Dislike: On of McCoy’s strong suits is supposed to be his completion percent, but on the year he’s only at 58 percent – good for just 23rd in the league. His 5.7 yards per attempt leave him 30th out of 32 quarterbacks. Of course, not all of those numbers are totally on McCoy’s shoulders (more on that in a minute).

Hope: The McCoy we saw on the final drive against the Dolphins – when he led an 80-yard drive by completing 9-of-13 passes, including the game-winning touchdown to Mohamed Massaquoi – is the real McCoy and he will continue to grow during the season.

Fear: The McCoy who throws a preponderance of check-downs, holds onto the ball too long and seems unsure of himself is the real McCoy. Which would mean the Browns will be in the Andrew Luck sweepstakes next April.

Like: Jason Pinkston’s play at left guard. The fifth-round draft choice switched positions after Eric Steinbach was put on injured reserve for the year and hasn’t been all that bad. We’re sure playing between Joe Thomas and Alex Mack has made his transition easier, but we don’t go into a game worried that Pinkston is going to be the weak link on the offensive line.

Dislike: The play at right tackle. Artis Hicks and Oniel Cousins showed why they were available on the waiver wire as they filled in the first three weeks for starter Tony Pashos. They also needed help from a tight end, which meant that Alex Smith was on the field at the expense of Evan Moore, a stronger offensive threat that the Browns need.

Hope: Pashos can stay healthy the final 12 games of the season and the offensive line can work itself into a stable unit.

Fear: Pashos hasn’t played a full season since 2008, so we haven’t seen the last of Hicks and Cousins.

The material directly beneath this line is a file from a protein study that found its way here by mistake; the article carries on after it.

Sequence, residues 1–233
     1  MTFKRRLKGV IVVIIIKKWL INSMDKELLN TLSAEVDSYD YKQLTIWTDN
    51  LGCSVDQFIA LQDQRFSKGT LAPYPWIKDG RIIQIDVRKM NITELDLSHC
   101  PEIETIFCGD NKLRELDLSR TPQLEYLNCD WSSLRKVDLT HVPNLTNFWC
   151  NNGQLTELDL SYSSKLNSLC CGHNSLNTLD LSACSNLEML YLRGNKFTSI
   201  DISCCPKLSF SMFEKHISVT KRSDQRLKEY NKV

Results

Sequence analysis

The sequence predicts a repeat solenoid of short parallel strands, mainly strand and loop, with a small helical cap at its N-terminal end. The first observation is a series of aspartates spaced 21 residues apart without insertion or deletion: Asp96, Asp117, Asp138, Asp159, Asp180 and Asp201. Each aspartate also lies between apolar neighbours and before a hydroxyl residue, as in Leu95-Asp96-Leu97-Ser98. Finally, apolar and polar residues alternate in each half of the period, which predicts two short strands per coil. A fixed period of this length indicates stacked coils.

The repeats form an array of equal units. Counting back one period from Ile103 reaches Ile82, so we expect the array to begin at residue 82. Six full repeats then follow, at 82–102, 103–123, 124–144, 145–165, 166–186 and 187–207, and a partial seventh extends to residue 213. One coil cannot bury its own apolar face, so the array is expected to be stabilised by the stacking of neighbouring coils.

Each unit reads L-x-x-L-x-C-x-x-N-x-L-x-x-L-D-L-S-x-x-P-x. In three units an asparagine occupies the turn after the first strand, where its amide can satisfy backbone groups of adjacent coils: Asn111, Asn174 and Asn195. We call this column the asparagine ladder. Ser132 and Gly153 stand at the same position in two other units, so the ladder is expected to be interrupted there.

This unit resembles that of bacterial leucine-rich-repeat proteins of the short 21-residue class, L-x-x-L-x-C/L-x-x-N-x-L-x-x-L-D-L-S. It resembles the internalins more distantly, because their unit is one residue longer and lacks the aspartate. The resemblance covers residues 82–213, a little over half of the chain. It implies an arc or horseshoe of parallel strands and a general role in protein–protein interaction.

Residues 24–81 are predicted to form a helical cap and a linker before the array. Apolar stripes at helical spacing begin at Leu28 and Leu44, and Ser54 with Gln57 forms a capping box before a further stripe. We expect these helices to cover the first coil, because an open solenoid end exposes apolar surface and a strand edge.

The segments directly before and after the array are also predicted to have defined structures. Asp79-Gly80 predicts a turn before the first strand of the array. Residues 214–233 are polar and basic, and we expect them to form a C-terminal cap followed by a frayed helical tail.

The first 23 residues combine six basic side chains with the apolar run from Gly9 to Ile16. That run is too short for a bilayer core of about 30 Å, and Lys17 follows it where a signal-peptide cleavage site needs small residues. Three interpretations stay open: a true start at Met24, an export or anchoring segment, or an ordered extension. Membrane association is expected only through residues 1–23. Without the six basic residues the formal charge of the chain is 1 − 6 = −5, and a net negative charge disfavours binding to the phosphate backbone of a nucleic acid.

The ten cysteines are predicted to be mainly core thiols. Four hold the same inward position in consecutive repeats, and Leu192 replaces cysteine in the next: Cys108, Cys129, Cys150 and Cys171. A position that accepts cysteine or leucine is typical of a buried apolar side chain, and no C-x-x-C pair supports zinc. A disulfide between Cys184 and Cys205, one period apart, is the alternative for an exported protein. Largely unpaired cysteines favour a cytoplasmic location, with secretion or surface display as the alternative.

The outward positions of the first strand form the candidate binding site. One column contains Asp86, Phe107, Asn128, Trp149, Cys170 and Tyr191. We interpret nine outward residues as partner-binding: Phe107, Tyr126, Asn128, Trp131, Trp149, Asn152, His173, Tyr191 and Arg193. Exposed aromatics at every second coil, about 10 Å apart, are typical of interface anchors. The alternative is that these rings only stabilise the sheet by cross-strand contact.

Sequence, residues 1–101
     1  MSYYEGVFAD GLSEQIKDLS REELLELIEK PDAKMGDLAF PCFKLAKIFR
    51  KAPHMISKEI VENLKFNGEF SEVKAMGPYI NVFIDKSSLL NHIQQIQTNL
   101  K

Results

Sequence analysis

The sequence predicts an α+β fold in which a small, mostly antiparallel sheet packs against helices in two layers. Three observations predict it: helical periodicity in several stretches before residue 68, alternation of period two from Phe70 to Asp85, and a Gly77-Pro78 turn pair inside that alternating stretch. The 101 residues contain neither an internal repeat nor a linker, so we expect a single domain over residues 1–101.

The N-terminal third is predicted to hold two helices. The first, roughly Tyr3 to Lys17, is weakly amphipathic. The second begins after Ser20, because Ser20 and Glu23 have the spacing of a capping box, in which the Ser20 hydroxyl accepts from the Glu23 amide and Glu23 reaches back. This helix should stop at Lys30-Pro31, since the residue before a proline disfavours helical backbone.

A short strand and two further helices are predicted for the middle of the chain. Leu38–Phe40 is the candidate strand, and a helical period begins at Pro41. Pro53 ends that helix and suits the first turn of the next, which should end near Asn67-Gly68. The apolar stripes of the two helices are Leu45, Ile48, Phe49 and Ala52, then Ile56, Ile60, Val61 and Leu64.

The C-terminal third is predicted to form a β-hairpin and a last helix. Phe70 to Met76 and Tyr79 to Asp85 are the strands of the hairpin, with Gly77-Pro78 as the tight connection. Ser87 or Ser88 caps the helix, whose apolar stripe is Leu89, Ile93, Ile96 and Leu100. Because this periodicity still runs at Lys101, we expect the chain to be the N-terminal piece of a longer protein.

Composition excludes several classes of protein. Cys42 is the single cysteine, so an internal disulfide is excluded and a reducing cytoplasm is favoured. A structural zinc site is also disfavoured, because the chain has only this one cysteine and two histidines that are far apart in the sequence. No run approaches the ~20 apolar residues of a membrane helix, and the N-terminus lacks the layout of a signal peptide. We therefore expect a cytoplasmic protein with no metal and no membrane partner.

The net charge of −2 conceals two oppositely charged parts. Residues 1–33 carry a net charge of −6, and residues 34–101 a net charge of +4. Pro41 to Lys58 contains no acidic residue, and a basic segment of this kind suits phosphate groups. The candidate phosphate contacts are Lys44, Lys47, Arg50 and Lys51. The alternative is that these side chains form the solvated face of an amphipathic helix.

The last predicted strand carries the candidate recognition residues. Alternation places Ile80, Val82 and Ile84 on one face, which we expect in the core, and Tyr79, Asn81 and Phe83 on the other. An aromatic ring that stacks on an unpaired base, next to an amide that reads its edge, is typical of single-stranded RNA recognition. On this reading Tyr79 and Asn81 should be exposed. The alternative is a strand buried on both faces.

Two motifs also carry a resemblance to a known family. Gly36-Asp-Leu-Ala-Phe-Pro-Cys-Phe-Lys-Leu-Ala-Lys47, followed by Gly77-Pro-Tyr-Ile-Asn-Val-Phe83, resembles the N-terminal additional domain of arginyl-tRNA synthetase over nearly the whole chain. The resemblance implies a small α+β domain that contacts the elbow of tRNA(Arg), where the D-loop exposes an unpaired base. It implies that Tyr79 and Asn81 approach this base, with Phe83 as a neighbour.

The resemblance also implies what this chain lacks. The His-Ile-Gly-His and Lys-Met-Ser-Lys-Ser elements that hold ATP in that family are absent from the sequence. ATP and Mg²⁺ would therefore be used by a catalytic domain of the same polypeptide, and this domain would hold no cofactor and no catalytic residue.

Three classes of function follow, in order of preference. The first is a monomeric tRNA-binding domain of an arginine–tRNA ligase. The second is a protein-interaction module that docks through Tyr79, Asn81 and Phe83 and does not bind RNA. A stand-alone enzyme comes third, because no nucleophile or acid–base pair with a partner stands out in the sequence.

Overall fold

Like: The (albeit) slow development of rookie Greg Little at wide receiver. After not playing his final year at North Carolina, Little has been adjusting to the speed of the NFL. In a part-time role he is second among the wide receivers with 14 receptions and third with 131 yards. Those numbers should go up as the Browns have promoted Little to one of the starting spots.

Dislike: Brian Robiskie taking playing time from anyone on offense. It’s clear by now that Robiskie just is not an NFL wide receiver. Doesn’t mean he’s a bad person, or that he doesn’t try hard, but the Browns just can’t afford to keep giving him playing time.

Hope: Little can turn into a reliable playmaker, Josh Cribbs can stay healthy, Mohamed Massaquoi can be at least a decent third receiver, and Ben Watson and Moore can continue to make plays at tight end.

Fear: The wide receivers will continued to not be able to gain separation, meaning McCoy will have to hold onto the ball too long – opening him up to repeated hits – or he will continue to have to dump the ball off for four-yard gains.

Like: The approach the coaching staff is taking with the team. The lockout took away weeks of key preparation time that the Browns – who have eight starters in either their first or second year – desperately needed. The coaches have used the first four games of the season as a sort of extended training camp as they continue to learn about the players.

Dislike: The defensive breakdown against Cincinnati that lead to the game-changing touchdown by the Bengals, the way coach Pat Shurmur has used Hardesty at the expense of Hillis, the overall play against Tennessee in the last home game before the break. The slow starts by the offense – the Browns have been outscored 27-3 in the first quarter this year.

Hope: The team will show improvement as the year moves along, giving the coaches and front office a clear indication of where the team needs help.

Fear: More games like the one against the Titans, more nonsense over Hillis, that Shurmur is in over his head as a first-year head coach.

We’ll give Shurmur the final word.

“What you’ve noticed from the first four weeks is we’ve got some good young talent that’s out there getting better each week,” he said on Monday at his weekly press conference. “I feel like our schemes are in place. As I mentioned earlier, there are some things that we’ll do more and emphasize and then there are some things about our scheme that we’ll, both sides of the ball and our kicking game that we’ll set aside. I felt good about that.”

(Photo from Cleveland